ACS (the Association of Convenience Stores) has called on the Chancellor of the Exchequer to use his summer statement by helping local shops invest in their future businesses.
While Rishi Sunak is due to give his statement today (Wednesday July 8th), it is not intended to be a major fiscal event.
There are still measures that the Government can introduce now that would support convenience stores in the coming months.
Measures recommended by ACS include:
• Extend the 100% business rates discount beyond 2020/21 and taper the reintroduction of rates bills
• Extend the National Living Wage target of 2/3 of median earnings beyond 2024
• Reduce employer National Insurance contributions
• Expand the Retail Grant Fund threshold beyond £51,000 rateable value
Petrol forecourts and convenience stores in high street and city centre locations are most likely to have suffered a large sales drop during lockdown, whilst having an average rateable value of more than £51,000 – meaning that they are not eligible for the Retail Grant Fund.
ACS chief executive James Lowman said: “The support provided to thousands of local shops by the Government throughout the pandemic has ensured that they can continue trading, keep colleagues employed and focus on serving customers safely.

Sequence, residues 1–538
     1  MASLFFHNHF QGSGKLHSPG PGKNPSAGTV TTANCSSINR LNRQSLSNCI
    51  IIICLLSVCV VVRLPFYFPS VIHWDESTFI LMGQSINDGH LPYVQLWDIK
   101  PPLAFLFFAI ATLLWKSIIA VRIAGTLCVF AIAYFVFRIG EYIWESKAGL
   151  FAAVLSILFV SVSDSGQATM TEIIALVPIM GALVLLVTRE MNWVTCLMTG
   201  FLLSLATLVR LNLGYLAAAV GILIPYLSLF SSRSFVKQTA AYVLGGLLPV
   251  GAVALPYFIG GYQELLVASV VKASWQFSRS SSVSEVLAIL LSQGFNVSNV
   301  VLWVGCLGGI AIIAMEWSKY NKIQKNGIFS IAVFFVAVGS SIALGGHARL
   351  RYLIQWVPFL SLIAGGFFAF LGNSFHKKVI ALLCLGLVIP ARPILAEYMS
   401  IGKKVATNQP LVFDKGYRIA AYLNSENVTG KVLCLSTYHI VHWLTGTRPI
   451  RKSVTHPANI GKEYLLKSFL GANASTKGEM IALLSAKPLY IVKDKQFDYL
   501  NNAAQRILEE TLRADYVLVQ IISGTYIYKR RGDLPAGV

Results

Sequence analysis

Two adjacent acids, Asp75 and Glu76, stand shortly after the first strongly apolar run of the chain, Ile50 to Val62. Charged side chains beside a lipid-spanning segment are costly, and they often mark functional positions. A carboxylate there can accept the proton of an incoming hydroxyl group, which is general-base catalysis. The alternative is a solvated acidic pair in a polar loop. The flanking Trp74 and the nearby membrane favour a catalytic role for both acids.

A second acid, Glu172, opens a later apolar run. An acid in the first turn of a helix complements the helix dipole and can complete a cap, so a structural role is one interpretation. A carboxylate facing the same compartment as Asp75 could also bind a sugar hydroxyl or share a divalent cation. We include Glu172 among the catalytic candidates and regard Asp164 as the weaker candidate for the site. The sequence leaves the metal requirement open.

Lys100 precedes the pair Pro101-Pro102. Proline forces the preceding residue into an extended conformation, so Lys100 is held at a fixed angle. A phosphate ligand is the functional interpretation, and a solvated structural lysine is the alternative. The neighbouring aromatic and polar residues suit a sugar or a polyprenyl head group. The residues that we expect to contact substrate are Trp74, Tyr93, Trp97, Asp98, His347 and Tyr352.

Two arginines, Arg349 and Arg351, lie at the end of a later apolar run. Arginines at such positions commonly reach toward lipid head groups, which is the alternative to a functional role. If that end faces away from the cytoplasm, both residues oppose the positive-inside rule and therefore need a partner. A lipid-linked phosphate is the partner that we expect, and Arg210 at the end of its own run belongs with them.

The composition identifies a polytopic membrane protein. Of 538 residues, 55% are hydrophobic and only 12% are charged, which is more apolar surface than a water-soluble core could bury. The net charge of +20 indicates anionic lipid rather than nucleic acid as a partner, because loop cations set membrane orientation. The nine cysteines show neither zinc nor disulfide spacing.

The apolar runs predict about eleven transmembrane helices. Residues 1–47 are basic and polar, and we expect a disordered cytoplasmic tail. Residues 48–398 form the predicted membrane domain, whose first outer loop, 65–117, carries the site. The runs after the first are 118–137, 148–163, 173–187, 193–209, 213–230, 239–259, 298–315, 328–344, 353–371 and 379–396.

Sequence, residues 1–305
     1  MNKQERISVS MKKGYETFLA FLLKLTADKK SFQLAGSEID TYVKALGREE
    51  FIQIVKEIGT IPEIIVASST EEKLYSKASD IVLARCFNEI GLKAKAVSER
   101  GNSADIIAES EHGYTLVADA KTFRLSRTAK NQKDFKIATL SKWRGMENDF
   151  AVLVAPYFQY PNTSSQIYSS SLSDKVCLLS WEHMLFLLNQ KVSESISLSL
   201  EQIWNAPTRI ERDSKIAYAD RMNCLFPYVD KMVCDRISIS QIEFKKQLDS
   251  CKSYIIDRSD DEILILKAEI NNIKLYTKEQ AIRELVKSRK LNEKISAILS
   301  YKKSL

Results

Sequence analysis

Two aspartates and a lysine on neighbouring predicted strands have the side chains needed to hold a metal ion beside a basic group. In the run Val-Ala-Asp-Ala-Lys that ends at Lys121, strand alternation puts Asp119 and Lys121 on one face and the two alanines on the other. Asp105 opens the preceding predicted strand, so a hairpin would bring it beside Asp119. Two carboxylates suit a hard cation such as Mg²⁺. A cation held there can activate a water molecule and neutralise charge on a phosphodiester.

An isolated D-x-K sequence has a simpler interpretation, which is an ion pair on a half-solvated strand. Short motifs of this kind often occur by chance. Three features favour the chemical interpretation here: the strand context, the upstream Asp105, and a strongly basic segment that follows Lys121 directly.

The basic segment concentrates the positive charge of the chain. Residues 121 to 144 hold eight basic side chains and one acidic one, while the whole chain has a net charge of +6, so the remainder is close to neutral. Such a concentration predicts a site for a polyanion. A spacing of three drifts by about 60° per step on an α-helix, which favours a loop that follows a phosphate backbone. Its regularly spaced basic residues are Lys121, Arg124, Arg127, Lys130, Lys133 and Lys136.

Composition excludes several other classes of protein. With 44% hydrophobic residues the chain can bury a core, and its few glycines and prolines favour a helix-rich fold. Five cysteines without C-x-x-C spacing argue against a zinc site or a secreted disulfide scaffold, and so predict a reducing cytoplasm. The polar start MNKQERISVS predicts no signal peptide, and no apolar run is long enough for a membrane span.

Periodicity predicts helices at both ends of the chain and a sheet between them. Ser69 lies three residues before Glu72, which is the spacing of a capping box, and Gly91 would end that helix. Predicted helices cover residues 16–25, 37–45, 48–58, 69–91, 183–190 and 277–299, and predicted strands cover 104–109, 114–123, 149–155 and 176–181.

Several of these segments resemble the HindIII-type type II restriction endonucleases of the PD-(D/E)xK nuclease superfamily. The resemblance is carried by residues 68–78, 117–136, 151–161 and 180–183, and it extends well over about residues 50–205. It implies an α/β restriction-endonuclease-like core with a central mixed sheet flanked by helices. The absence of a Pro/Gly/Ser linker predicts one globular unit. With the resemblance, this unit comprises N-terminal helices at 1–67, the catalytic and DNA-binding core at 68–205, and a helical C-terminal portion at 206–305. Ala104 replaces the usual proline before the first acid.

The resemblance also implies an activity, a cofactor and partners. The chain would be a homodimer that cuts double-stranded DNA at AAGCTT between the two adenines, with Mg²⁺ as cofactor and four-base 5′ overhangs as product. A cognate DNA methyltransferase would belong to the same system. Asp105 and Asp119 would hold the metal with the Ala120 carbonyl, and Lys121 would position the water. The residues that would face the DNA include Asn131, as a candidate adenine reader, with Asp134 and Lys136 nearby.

“As we move into the next phase of recovery, the Chancellor has an opportunity to help local shops and other small businesses with additional certainty about their longer term costs, which in turn will stimulate investment and benefit communities.”
In its submission to the Treasury ahead of the statement today, ACS said it has welcomed the potential removal of VAT on some products.
However, calls have been made on the Chancellor to provide clarity on which food and drink products could have a zero VAT rate when sold in convenience stores.
With a merging of food service and convenience in recent years, the Government must be clear on which products and scenarios the zero rate applies.
Mr Lowman continued: “Any changes to VAT, whether an overall cut in the rate of VAT or specific changes to which categories and products are eligible for a zero rate of VAT, must be communicated clearly to businesses and be introduced with a reasonable notice period to mitigate the operational challenges associated with implementing such a change.”
Figures from the 2019 Local Shop Report show that almost one in four (23%) convenience stores have some form of hot food counter or cabinet, with around one in six (15%) currently providing either indoor or outdoor seating for customers.
The full submission to the Treasury ahead of the summer statement is available here.